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How the metaverse could change you | Sex, misinformation, control
Here are some of the worst dangers that come with the metaverse.
The introduction of a virtual reality space where users can interact with a computer-generated environment and other users sounds like an ideal possibility.
That’s exactly what the metaverse is.
A space where developers can grow their skills, creatives can sharpen their creative juices and users can find pretty much anything.
From shopping, fitness to productivity, the metaverse sounds like an ideal possibility which Meta, holding company for Facebook seems to largely support.
Meta CEO, Mark Zuckerberg who this week introduced Meta’s Quest Pro, a new virtual reality headset which comes at a hefty price of $1 499,99, is desperately trying to get the metaverse to work.
The CEO is constantly making the metaverse something people want to use.
While the platform may look interesting on the outside, small hiccups tend to show some of the negative impacts the fun use of the platform comes with.
Augmented reality pioneer @LouisBRosenberg broke down the dangers of the Metaverse. pic.twitter.com/Z40t05fBZ3
— More Perfect Union (@MorePerfectUS) October 12, 2022
A report on November 26 details how a user was sexually assaulted on the platform. Meta’s review found that the user, a beta tester should have used a tool called “Safe Zone.”
This incident although remedied in it’s own way highlights how the platform may be exposed to new forms of crime.
Sexual offences and explicit content
Any online platform creates policies that may in the best instances remedy any potential incident.
The use of virtual moderators to ensure virtual reality spaces remain safe could prove insufficient should numbers of users increase in augmented reality spaces.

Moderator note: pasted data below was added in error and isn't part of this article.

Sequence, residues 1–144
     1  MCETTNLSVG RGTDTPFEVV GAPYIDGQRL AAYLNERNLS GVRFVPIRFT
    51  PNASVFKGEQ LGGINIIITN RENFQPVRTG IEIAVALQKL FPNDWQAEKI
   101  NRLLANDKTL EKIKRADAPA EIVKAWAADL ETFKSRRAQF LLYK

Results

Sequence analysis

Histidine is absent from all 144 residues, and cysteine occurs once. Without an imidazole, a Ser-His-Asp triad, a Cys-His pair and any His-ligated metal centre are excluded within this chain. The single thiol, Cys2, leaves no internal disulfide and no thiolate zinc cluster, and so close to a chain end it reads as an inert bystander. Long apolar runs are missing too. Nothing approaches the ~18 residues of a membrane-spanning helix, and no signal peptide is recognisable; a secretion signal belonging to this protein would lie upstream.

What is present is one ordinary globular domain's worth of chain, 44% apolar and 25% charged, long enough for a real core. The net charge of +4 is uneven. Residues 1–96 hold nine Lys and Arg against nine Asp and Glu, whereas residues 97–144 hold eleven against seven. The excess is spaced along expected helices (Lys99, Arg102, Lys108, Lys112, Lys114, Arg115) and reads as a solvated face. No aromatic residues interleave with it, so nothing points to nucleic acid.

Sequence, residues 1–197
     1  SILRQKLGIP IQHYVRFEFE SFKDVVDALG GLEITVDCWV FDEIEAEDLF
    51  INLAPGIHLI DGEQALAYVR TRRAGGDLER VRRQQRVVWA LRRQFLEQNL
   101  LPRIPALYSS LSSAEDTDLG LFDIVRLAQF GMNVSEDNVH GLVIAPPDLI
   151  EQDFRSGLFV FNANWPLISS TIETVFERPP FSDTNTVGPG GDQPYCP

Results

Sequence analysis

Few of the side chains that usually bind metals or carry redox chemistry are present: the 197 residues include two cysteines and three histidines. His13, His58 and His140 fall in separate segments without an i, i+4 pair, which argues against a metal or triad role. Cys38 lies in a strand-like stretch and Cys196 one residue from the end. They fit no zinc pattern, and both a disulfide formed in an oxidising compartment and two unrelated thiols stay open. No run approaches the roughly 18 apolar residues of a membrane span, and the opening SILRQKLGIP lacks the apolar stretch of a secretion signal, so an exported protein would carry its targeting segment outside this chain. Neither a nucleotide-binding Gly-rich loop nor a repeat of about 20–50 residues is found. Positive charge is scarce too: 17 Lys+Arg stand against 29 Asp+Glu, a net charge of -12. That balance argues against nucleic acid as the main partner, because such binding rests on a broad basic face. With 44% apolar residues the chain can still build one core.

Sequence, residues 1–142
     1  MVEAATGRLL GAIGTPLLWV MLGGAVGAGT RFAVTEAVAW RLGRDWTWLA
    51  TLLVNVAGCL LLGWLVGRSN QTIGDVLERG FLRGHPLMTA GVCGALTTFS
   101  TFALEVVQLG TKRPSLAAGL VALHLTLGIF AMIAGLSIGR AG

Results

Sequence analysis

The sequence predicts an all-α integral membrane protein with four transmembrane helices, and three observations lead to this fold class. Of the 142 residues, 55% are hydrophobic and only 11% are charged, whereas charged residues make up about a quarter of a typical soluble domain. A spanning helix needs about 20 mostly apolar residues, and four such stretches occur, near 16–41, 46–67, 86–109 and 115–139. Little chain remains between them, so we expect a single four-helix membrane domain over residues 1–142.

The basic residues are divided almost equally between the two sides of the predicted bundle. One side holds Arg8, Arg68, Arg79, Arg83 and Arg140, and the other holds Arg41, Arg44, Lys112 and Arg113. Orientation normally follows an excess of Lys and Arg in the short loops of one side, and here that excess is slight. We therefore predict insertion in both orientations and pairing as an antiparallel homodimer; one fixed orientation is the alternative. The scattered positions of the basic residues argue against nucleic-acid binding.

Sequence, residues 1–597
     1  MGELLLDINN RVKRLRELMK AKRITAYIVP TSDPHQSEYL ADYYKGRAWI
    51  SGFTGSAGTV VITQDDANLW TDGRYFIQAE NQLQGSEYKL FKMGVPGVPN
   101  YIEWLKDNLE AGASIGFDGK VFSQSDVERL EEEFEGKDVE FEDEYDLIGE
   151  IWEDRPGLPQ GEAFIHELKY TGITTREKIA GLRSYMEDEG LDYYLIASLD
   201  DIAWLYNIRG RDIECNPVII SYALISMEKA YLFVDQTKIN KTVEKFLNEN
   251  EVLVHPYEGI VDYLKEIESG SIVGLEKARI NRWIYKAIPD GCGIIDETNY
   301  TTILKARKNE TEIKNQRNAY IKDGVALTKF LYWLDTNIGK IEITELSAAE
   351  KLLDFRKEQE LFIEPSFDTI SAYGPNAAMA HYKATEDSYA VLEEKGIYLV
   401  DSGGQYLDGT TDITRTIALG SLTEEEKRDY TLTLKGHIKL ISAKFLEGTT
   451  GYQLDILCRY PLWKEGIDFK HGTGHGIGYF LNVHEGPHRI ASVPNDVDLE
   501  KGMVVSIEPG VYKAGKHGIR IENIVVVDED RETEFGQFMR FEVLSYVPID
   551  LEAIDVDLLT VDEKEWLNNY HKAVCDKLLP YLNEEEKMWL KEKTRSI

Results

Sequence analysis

It remains a challenge to police minor’s who have successfully made their way into the metaverse.
Harmful content and explicit content currently plague the net with many websites occupying a huge portion of online subscriptions.
As the metaverse develops so do most sex dominated sites.
While Meta plans to open up it’s social media platform Horizon Worlds to mobile and desktop users, so people without a headset will have access to the virtual world, this may open up an array of other challenges.
Privacy and data collection
While privacy and data collection remain as a constant discussion in social media platform policies, the collection of data remains a double edged sword discussion.
If systems are collecting data, where is this data going and to which end.
Platform providers could be in a position to pull very important strings – with the right data on their hands.
Collecting user preferences means platform providers could track and socially understand your personality, heartrate, including fitness level.
This would allow providers insight into user personality in order to better market content, products and services based on the lifestyle information.
Meta’s Quest Pro already comes with inward facing sensors which record facial expressions including eye tracking.
This if done right provides some of the most valuable and intricate studies about the users interests and reactions to those interests.
Increased aggression and disassociation from reality
Video games and online gaming services have constantly faced challenges of sighted aggression.
An indication of traits, which some users deem acceptable due the fact that no one was really experiencing any physical harm.
In a constant metaverse reality, users may suffer from aggression including a massive disassociation from reality complex.
This can be followed by addictive behaviors, and or withdrawal symptoms when disconnected.
Some other issues could be harassment and cyberbullying, theft of identities, increased mental health issues, collections of unauthorized data, polarizing of different groups and circulation of misinformation.
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Featured image: ZoeKleinman/Twitter